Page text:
Home System concept “Self-aware” and self-powered metamaterial implants

“Self-aware” and self-powered metamaterial implants

June 03, 2022

(Spotlight on Nanowerk) Medical research is rapidly moving towards a future where smart medical implants can continuously monitor their condition inside the body and autonomously respond to changes such as, for example, infection by releasing anti-inflammatory agents. Some examples that researchers have already demonstrated are sensors that can be placed under the skin to measure blood glucose levels, hormone levels, pH, and various other physical parameters; the use of polypyrrole films as electrically driven drug delivery devices on implant surfaces to improve bone implants; electronic sensors under the skin to monitor blood flow; and pressure sensors to improve medical implants.

Intrinsic diagnostic functionality is the missing component of nearly every implant available today. Where smart implants have been demonstrated, they often rely on power sources such as batteries, capacitors, or external telemetry systems.

Currently, two major challenges limit the wider application of smart implants in daily clinical practice. The first challenge is the size of these implants for sensor integration. For example, imagine the difficulties associated with integrating multiple circuit boards for sensing, energy storage, and wireless communications into the small area of ​​a miniaturized stent. The second challenge is the lack of scalable and intelligent biomaterials to fabricate these devices.

Some studies have attempted to address these issues separately. But until now, no research team has addressed all of these issues comprehensively by designing a multi-functional implant that can diagnose healing progression, is capable of self-powering, and can be tuned to deliver almost any desired mechanical performance.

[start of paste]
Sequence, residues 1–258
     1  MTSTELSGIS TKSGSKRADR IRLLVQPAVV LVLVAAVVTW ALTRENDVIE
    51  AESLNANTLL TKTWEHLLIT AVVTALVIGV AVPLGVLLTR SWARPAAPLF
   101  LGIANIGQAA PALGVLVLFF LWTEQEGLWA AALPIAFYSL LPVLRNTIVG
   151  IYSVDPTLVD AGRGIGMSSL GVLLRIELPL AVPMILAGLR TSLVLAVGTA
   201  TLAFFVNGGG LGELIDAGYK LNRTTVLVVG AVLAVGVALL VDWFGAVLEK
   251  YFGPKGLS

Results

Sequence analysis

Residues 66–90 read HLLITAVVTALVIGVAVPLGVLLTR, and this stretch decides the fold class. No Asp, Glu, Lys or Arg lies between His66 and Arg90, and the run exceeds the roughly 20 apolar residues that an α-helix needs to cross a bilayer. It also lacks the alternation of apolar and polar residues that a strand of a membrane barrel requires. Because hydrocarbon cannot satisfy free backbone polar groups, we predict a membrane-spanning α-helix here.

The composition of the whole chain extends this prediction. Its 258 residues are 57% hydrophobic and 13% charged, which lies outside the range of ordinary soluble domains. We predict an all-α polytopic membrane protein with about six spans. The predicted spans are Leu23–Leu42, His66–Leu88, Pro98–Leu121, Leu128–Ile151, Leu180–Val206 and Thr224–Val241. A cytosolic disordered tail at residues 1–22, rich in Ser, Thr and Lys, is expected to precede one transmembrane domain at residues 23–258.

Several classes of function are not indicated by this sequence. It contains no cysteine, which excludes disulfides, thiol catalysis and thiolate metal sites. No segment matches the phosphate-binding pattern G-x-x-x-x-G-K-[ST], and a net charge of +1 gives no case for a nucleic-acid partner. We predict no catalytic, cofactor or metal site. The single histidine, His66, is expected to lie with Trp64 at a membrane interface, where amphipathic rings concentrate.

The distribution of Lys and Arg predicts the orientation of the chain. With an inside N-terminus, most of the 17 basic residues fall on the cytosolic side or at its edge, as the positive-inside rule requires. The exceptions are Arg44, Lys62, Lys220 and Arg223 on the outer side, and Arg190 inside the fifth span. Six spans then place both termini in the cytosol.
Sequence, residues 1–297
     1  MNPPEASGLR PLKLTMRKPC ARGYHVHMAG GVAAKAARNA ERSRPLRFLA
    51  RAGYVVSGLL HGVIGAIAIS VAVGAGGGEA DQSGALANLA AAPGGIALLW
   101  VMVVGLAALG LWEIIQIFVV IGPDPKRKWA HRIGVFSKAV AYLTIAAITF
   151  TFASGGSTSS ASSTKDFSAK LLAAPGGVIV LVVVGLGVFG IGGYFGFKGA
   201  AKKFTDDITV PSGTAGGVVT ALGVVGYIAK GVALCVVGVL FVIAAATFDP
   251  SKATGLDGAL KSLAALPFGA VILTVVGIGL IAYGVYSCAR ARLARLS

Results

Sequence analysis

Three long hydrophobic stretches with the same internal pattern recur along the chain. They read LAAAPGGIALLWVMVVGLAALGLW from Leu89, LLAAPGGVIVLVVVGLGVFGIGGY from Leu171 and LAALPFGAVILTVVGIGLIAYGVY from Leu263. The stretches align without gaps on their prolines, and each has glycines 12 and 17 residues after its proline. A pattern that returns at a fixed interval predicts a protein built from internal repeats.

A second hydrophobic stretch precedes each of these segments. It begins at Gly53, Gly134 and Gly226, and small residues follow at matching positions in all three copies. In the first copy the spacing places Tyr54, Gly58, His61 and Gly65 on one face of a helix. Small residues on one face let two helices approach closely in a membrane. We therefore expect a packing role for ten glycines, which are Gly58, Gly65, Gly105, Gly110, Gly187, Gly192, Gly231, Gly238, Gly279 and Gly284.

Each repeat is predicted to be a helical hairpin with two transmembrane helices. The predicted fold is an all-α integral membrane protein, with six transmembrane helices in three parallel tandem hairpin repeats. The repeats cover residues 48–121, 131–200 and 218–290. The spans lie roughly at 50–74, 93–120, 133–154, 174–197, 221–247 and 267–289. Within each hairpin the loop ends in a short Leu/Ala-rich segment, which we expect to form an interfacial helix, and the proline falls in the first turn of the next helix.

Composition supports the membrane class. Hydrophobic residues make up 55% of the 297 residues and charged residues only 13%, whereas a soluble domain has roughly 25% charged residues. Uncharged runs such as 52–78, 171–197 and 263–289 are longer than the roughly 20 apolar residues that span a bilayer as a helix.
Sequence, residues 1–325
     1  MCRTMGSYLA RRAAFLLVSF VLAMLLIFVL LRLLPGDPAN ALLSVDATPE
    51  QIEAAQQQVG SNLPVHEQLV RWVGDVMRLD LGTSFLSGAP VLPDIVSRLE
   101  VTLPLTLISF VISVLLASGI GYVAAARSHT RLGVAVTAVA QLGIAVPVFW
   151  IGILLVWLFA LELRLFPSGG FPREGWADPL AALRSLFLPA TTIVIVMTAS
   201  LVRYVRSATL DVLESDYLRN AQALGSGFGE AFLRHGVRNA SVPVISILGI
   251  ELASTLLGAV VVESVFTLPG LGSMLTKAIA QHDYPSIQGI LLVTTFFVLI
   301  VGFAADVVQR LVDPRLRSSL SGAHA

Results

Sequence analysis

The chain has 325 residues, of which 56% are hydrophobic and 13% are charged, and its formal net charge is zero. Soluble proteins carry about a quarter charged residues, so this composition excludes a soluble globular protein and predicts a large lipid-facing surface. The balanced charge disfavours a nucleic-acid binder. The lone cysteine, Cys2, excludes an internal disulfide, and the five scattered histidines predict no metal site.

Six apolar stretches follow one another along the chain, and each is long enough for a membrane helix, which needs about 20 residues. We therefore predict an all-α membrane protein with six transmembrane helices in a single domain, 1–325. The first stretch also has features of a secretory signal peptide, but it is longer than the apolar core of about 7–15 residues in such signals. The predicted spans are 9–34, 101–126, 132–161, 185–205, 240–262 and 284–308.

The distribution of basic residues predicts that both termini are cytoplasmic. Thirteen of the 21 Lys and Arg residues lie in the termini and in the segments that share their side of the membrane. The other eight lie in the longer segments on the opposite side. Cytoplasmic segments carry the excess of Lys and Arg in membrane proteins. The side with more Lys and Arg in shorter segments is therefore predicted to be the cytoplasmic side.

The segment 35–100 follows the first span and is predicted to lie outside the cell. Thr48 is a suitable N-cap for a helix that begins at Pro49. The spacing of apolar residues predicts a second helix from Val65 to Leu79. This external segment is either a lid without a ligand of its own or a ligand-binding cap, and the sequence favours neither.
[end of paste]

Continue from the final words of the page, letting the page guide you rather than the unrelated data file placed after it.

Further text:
A potential solution to all of these challenges is to use the implant matrix as a means of active sensing and energy harvesting. This eliminates the need to figure out how to fit large circuits or power sources into the small device area of ​​an implant.

write in Advanced functional materials (“Patient-Specific Self-Powered Metamaterial Implants for Detecting Bone Healing Progress”), researchers now offer the first smart orthopedic implant with diagnostic and energy harvesting capabilities.

This multi-functional, mechanically adjustable metamaterial implant can sense and harvest energy from body movements.

“Our concept is clinically meaningful because these implants allow surgeons to directly and accurately assess bone healing progress,” Amir H. Alavi, assistant professor in the University of Pittsburgh’s Department of Bioengineering, told Nanowerk. “These features have the potential to eliminate the need for radiographic imaging techniques, which are typically expensive and expose patients to significant radiation.”

In what could be a game-changer, these implants use only their constituent components to achieve these advanced features – they require no external power source or bulky electronics. Additionally, implants can be 3D printed and customized for each patient based on clinical requirements and anatomical matching.

“We rely on the rational design of the microlayers of the implants to integrate advanced functionalities into their matrix,” explains Alavi. “Think about the fact that you can use our technology to literally turn any implantable device into a sensor and nanogenerator by manipulating their geometric designs. There are tons of biocompatible material options that can be used with this technology.”

This manufacturing technique relies primarily on the team’s patented meta-tribomaterial technology. This technology deals with the rational design of multiple layers of triboelectric auxetic microstructures with multi-stable/self-recovery hook-up segments.

The beauty of this concept is that the same design works at both the nanoscale and the macroscale simply by adapting the design geometry.

Building on their recent study of meta-tribomaterial sensors and nanogenerators (“Self-aware materials form the basis of living structures”), the team uses different rationally designed triboelectric auxetic microstructures to construct the implant.

The entire structure of the implant serves as an energy harvesting medium as well as an active sensing system.